Worst Deal Ever: Why rise & fall pricing mechanisms help

Today, on the front page of the AFR the headline read “Worst deal ever” and referred to the deal struck in 2002 between Woodside Petroleum and its partners in the NW Gas Shelf to supply shipments of LNG to China.  The 25 year supply deal did not include any mechanism to adjust the price. The current market price of LNG has increased since 2002 and is now double the contracted price.  The chinese buyer and the consortium are now in a dispute as the number of LNG shipments have been fewer than expected, and the Chinese believe that this is intentional.

For procurement professionals and their businesses, the learning from this is that while fix price contracts provide surety of cost, they can lead to uncertainty of supply.  Rise and fall mechanisms in supply contracts allow for both suppliers and buyers to manage both supply and pricing risks.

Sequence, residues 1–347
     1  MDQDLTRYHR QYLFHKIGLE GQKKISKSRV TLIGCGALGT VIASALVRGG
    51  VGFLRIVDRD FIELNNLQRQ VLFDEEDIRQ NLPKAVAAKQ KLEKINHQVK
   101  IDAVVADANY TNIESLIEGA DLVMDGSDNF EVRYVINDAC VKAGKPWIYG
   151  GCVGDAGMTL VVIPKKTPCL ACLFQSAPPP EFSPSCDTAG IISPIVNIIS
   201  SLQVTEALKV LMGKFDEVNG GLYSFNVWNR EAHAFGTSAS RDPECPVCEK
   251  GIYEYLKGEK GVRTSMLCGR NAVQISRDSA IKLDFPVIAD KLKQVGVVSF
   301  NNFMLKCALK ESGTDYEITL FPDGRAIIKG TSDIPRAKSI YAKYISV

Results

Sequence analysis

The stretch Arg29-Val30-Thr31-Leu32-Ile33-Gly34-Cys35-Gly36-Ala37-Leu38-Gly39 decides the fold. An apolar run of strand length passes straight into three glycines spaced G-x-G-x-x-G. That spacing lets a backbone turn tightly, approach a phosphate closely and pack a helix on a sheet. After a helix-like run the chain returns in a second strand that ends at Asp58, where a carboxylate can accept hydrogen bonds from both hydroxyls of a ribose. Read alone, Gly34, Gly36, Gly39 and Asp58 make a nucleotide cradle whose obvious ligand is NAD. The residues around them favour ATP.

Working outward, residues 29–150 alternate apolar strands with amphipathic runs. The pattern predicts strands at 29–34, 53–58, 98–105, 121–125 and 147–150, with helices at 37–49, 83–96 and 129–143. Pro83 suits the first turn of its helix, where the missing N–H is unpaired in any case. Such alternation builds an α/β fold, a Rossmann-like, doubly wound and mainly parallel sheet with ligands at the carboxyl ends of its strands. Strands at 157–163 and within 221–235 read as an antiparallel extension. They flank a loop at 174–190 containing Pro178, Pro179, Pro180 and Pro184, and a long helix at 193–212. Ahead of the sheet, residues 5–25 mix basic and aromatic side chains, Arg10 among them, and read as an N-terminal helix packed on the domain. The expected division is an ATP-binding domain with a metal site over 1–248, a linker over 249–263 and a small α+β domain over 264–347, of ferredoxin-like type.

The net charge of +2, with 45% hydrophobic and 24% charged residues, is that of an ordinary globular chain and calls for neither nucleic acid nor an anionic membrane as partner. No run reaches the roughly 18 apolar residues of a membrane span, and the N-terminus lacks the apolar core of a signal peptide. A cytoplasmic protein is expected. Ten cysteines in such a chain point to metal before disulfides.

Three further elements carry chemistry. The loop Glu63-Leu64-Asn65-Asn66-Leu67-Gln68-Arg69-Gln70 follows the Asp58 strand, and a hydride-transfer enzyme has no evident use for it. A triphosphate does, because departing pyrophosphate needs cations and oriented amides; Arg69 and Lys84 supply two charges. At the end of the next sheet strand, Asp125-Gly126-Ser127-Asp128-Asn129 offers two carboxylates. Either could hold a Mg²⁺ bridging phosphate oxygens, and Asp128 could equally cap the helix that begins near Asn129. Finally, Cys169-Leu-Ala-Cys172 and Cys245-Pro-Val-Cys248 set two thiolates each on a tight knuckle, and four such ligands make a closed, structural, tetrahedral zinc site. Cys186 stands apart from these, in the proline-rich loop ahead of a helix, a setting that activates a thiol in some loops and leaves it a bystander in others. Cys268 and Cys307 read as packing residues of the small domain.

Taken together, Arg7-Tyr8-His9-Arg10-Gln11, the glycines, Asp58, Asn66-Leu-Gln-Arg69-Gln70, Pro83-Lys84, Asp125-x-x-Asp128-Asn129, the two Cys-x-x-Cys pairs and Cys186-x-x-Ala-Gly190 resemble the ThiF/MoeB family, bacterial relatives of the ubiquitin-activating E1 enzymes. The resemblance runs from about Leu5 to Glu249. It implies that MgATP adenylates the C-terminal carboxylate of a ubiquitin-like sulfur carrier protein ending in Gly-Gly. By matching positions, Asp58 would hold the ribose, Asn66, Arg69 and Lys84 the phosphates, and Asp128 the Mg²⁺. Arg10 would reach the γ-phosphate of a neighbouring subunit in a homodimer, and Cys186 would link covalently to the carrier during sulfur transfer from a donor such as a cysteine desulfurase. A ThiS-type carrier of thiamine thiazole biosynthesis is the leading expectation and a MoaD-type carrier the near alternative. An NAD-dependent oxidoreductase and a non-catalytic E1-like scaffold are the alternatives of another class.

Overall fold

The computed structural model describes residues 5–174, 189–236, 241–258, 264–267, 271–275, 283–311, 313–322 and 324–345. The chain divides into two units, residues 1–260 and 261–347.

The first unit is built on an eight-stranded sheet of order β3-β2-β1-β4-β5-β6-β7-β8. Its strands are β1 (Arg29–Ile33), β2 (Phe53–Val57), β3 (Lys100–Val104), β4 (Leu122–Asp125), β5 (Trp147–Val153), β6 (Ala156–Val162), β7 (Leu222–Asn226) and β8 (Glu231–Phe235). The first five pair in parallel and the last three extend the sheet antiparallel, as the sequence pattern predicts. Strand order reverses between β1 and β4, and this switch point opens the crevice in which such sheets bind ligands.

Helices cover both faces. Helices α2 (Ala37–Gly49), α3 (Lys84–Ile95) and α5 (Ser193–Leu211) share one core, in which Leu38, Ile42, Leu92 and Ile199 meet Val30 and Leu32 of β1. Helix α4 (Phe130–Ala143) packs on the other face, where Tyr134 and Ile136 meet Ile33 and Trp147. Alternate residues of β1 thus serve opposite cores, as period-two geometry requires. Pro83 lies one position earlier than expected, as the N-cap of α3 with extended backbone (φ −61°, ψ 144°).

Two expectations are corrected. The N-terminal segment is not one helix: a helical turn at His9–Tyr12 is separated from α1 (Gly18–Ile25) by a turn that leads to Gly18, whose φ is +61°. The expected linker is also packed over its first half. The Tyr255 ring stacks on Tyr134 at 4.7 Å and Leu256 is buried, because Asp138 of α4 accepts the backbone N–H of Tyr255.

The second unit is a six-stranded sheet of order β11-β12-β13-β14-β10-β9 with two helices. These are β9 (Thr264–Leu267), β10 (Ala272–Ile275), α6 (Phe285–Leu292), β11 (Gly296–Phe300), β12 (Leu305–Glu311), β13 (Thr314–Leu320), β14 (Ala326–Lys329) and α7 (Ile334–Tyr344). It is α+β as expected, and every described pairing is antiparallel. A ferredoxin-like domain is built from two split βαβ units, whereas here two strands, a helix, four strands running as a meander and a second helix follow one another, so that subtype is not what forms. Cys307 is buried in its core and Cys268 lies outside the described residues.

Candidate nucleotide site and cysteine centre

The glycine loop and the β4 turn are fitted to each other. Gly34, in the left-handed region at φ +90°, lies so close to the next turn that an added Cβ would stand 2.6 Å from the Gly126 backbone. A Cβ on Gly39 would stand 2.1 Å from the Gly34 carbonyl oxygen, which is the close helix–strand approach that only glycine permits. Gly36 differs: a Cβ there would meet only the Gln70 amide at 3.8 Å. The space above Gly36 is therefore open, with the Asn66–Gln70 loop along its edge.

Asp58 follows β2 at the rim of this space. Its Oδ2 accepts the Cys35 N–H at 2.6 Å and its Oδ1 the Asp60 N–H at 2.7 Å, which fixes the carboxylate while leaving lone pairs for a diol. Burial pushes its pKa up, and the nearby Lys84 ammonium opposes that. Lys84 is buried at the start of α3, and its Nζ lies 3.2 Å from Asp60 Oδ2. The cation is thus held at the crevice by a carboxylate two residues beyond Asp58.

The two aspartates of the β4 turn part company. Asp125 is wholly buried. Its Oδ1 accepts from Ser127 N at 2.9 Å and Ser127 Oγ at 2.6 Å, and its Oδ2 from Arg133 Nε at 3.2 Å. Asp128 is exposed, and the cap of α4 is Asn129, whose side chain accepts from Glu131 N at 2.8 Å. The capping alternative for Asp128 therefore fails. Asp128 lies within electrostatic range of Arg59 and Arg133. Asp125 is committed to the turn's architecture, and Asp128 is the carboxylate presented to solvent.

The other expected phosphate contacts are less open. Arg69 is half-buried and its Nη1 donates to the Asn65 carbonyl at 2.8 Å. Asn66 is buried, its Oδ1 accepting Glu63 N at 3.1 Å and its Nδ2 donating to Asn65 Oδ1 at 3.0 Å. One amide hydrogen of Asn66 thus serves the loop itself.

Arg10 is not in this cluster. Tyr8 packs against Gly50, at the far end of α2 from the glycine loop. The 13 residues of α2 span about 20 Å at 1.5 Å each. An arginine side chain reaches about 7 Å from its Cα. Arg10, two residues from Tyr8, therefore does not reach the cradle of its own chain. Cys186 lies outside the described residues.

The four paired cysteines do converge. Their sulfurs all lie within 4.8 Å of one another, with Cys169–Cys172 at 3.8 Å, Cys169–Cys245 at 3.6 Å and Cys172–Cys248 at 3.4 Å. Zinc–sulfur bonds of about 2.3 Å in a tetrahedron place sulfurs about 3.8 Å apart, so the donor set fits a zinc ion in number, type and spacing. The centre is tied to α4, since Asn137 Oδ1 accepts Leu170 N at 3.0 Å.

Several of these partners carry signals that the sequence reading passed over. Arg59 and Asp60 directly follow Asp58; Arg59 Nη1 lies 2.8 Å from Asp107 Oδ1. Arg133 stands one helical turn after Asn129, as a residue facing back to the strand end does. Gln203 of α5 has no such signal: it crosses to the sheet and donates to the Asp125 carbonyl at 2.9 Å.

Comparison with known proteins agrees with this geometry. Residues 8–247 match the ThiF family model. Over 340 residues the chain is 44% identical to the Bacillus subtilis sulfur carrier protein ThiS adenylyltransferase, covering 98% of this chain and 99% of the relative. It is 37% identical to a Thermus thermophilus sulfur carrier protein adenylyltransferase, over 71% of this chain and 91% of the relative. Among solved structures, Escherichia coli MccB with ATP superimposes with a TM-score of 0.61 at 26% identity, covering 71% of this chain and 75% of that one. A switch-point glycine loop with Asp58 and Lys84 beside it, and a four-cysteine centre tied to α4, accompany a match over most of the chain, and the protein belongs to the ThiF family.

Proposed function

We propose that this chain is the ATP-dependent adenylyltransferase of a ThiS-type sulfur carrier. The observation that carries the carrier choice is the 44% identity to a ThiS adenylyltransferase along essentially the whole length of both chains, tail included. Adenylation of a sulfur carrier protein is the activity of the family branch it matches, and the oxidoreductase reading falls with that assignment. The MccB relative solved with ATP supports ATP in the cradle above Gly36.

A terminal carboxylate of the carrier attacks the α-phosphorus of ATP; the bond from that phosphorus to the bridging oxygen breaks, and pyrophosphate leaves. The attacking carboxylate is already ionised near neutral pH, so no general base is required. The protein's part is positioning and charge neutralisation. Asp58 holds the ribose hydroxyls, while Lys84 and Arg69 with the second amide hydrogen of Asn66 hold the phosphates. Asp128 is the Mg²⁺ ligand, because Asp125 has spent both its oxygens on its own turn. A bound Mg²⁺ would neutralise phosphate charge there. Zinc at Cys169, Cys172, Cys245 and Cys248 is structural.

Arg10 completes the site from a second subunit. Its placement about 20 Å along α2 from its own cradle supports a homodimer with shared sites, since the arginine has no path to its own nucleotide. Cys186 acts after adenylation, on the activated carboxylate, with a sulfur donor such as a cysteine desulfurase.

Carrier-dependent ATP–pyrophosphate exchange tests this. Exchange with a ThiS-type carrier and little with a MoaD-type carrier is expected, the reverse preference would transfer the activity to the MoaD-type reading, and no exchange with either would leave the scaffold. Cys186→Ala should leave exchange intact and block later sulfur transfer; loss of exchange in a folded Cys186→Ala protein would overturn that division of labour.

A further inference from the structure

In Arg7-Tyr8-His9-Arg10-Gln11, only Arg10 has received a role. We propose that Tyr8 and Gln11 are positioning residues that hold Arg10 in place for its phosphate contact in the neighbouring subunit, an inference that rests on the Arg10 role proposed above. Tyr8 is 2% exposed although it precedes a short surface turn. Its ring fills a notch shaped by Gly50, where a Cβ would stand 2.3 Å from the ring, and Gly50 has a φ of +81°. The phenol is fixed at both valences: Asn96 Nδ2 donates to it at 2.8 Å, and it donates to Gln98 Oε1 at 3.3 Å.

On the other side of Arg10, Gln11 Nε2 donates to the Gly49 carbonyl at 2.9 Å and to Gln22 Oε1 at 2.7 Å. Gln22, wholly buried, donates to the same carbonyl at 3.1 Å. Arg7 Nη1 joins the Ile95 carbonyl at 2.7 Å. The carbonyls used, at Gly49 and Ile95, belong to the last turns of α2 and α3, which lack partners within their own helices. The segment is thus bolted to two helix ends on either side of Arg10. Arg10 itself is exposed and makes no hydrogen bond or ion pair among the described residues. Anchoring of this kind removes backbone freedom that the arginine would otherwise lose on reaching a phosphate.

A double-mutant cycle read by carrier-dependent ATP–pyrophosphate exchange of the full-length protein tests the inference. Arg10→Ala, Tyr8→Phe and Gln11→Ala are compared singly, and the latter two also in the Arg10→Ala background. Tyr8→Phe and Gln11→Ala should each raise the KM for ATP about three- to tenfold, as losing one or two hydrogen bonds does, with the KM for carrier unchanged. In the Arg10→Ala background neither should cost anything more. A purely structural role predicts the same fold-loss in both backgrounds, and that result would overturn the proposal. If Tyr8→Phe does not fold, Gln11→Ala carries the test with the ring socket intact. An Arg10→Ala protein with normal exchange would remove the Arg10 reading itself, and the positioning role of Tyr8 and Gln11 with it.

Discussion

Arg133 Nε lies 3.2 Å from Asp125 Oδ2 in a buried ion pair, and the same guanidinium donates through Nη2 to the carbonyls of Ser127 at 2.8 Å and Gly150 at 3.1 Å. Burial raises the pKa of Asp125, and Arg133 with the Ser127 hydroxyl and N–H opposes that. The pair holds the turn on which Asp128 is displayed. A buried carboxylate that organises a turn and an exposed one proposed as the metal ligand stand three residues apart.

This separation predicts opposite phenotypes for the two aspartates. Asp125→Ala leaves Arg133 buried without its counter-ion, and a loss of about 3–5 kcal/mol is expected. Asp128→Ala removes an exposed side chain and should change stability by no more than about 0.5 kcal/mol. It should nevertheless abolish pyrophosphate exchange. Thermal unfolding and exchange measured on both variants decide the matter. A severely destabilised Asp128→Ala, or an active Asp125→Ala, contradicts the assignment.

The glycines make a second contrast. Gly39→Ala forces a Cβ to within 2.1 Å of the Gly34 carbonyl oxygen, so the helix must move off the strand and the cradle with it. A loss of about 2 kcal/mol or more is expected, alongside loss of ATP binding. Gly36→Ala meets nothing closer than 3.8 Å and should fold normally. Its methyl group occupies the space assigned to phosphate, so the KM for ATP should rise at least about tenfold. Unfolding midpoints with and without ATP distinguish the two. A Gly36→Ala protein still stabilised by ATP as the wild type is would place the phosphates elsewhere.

In 2002, John Howard, the then Prime Minister of Australia said, “The deal is the biggest contract Australia’s been involved in since Federation”  and there was significant excitement involved in the deal.  Since then, costs within in Australia have increased therefore putting pressure on the profit margins and therefore the deal has been called the “Worst Deal Ever” and is no longer a win-win deal.

The deal has another 12 years to run and with costs expected to continue to increase, it will be interesting to see how the two parties manage their contractual obligations.

For more information, see the AFR’s How Woodside did its ‘worst deal ever’.

0 replies

Leave a Reply

Want to join the discussion?
Feel free to contribute!

Leave a Reply

Your email address will not be published. Required fields are marked *

You may use these HTML tags and attributes: <a href="" title=""> <abbr title=""> <acronym title=""> <b> <blockquote cite=""> <cite> <code> <del datetime=""> <em> <i> <q cite=""> <strike> <strong>